The rich, intimate character of St Margaret is partly a result of this wood and the glass, but also of an exceptionally good collection of memorials. As ever when we are within ten miles or so of Norwich, we are reminded that until the 18th Century Norwich was still the second most important city in England; the memorials that survive demonstrate the wealth and significance of some of its citizens. Old Catton's church is similar in this respect to the much larger medieval parish church at Sprowston, a mile or so off.The most important of the memorials here Is Richard Westmacott's 1820 memorial to a former mayor of Norwich, Jeremiah Ives, but more spectacular is that of a century earlier to the Green family, signed by the Norwich mason Robert Page. There are several other good wall tablets of the 18th, 19th and 20th Centuries.

in caelo quies grief cherubs put your foot down
Edward Gurney Buxton Annie grief Samuel Gurney Buxton entered into rest Richard Westmacott

Otherwise, the character of St Margaret is entirely Victorian. There is some good glass in the north aisle by the King workshop, and a curious range of Saints in a medieval style in the south aisle, probably dating from the Jekyll restoration.The best of the glass is Clayton & Bell's Faith, Hope and Charity. The new south south aisle, north aisle and north transept were all added under the influence of Richard Hart, who was Vicar here for forty years in the middle decades of the 19th Century. The work was largely bankrolled by the Buxton and Gurney families, and the gallery shields and rose window at the east end of the south aisle demonstrate the freedom which was given to Hart's imagination and Jekyll's pre-ecclesiological sympathies.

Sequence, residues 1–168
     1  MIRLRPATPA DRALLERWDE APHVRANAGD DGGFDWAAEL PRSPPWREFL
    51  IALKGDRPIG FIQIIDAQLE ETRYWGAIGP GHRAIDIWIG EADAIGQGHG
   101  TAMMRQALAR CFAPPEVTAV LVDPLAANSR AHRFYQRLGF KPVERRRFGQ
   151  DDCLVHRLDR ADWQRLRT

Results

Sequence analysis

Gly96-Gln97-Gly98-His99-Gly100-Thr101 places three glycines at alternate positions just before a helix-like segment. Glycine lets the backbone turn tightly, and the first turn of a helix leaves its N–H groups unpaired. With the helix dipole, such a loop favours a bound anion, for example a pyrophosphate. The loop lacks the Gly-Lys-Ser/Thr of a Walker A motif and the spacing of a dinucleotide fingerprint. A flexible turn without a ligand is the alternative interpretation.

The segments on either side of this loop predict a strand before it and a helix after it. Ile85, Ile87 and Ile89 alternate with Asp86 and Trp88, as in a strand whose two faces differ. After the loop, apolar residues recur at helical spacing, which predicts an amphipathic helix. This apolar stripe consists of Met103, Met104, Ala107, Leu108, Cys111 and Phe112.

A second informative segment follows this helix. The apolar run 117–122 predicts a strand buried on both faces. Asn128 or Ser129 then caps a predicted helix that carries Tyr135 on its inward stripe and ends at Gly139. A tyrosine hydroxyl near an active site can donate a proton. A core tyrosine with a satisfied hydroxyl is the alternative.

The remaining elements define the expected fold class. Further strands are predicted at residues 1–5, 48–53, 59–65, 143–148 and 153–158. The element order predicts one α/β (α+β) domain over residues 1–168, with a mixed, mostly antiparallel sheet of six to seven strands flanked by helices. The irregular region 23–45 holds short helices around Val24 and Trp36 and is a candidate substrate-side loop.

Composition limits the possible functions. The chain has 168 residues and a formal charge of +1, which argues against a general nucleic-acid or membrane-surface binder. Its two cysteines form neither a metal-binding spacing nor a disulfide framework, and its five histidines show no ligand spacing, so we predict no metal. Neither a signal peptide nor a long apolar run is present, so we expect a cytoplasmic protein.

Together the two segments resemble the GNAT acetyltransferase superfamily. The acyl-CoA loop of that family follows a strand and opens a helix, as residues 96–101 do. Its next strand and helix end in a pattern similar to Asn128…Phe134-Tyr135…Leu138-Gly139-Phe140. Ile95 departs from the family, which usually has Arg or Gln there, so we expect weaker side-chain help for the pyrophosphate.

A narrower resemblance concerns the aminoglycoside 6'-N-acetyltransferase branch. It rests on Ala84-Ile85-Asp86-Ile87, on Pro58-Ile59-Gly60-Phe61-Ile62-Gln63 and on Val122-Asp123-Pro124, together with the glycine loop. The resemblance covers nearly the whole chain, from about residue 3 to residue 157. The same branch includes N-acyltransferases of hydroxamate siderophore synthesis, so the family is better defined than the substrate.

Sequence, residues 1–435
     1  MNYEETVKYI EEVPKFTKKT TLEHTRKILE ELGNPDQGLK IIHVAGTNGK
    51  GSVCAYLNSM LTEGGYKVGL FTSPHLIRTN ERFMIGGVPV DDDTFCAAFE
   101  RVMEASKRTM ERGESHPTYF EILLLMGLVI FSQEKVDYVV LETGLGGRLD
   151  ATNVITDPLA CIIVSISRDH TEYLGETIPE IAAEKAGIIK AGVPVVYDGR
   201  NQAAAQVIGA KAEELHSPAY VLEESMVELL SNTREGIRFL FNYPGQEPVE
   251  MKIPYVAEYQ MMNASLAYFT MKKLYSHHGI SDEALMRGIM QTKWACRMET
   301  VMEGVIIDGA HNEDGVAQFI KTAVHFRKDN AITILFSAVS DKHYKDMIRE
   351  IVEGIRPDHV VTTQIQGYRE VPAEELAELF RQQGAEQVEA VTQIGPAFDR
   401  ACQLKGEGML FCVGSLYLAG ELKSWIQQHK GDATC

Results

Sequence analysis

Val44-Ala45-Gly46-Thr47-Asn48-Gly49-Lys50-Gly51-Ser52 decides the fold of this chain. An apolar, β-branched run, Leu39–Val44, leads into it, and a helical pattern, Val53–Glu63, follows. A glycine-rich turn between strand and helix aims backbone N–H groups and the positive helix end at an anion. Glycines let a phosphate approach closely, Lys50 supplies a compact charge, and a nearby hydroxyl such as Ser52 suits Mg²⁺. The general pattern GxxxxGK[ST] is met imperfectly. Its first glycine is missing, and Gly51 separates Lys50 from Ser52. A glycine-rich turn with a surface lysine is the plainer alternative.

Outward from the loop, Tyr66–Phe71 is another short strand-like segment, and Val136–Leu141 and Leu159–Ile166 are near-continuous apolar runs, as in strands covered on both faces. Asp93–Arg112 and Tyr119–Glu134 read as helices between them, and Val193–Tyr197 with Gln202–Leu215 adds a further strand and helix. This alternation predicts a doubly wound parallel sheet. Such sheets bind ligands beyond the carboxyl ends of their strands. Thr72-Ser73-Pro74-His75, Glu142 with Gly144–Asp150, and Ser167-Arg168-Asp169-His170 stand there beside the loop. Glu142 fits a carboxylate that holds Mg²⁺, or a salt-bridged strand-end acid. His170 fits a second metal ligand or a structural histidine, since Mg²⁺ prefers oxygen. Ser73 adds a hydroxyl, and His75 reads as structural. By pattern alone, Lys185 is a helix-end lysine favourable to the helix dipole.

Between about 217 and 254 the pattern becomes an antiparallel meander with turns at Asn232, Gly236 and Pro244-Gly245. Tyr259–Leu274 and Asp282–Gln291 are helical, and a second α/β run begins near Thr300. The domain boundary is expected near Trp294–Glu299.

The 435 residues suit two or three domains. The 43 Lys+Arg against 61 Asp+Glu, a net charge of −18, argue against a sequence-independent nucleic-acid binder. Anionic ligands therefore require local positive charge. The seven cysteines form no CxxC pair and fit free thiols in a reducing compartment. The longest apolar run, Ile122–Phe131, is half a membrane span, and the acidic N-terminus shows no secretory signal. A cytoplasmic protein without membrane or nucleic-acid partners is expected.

Apart from a small surviving piece of roodscreen, hardly anything survives from the medieval life of the church. There is another good modern statue of the church's patron sitting in a pretty little 14th Century niche partway down the north arcade; the niche is exactly the kind of thing which you might find it some tiny, remote church out in the Norfolk fields. Roughly contemporary with it, but speaking of a quite different kind of building, is the wholly urban 16th Century pulpit. It actually came here from St George Colegate, bought by Richard Hart at the time of the restoration there, and is of the quality you would expect to find in a large church in a major city.

St Margaret is a pleasing combination of the old and new, and although the interior leaves you in no doubt that this is not a backwater, the building is mindful of its rural past. And of the recent past of its parishioners, too: a moving little brass plate by the south door recalls that the heating apparatus in this church was installed by WRC Howlett... as a thank offering to Almighty God for the preservation of his three sons during the Great War, and his own recovery from a serious accident, Autumn AD 1919. How fortunate he was.

  your eyes have their silence

Simon Knott, February 2009

arcades looking east sanctuary looking west font
St Withburga suffer the children Charles Campbell Hart visit the prisoner comfort the dying 
Hope Faith Charity Christ in the Garden Mary Magdalene
rose window light and shadow pulpit war memorial Old Catton St Margaret
the preservation of his three sons during the great war the preservation of his three sons during the great war gratitude

face on a cloth James Adams memorial an honest, faithful and industrious man  scroll and last trump


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The Norfolk Churches Site: an occasional sideways glance at the churches of Norfolk